This study is one of the first longitudinal investigations of outcomes from different types of out-of-home foster care services in Korea. The main purpose of the study is to compare foster care with institutional care by focusing on two concerns: (1) children's perception of the caregiving services and (2) developmental outcomes of such services. Study participants included 342 children in institutional and foster care in Korea, all of whom participated in both the first and the second wave surveys for the Panel Study on Korean Children in Out-of Home-Care. The first-wave survey was conducted in 2010; the second wave survey was conducted in 2011. The data were analyzed using the Generalized Estimating Equation (GEE), the Chi-square test, ANOVA, and descriptive data analysis.The results from GEE showed significant relationships between placement types and placement outcomes. In particular, children in foster care groups perceived caregiving services more positively than those in institutional care overall. In addition, each of the foster care groups revealed more positive developmental outcomes compared to the institution group. We did not find major differences among different types of foster care placements. In summary, our findings suggest that the effects of foster care are more positive than those of institutional care. Based on the results, we discuss practice implications, including the concern of using institutional care as a major out-of-home care service in Korea.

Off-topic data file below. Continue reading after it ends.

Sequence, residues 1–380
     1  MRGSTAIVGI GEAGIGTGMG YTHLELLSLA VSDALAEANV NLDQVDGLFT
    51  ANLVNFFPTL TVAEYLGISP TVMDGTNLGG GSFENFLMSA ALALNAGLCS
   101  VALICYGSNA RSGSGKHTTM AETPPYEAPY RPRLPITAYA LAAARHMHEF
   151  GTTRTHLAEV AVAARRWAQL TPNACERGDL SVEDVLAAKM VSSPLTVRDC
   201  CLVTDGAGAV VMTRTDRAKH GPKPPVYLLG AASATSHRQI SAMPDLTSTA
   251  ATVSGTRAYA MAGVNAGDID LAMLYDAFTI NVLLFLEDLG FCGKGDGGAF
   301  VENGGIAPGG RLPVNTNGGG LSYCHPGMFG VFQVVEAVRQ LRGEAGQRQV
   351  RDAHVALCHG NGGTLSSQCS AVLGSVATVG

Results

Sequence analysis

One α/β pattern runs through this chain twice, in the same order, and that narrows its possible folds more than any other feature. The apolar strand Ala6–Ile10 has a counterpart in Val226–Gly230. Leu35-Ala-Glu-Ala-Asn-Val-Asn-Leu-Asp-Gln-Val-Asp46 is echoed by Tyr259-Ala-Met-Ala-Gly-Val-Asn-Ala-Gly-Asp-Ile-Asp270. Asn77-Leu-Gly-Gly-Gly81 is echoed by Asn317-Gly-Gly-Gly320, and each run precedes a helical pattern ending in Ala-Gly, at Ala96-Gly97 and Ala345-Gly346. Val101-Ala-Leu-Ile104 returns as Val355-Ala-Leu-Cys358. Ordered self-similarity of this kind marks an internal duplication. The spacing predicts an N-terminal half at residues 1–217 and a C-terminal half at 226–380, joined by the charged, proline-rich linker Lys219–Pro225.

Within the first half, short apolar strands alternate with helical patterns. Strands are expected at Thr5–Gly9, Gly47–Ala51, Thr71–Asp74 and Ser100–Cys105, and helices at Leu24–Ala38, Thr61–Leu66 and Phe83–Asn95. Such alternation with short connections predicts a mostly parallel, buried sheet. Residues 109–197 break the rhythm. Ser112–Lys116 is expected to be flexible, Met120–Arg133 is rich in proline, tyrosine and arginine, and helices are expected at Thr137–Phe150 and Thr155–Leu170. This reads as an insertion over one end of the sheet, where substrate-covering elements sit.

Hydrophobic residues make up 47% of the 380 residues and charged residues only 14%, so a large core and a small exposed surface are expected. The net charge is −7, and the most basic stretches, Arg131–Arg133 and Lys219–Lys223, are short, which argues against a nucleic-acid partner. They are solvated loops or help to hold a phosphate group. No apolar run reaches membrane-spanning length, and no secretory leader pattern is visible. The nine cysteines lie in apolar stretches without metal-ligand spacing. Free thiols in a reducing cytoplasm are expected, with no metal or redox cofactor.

- Comparison between foster care and institutional care
- Developmental outcomes of children in out-of-home care
- Institutional care
- Korean foster care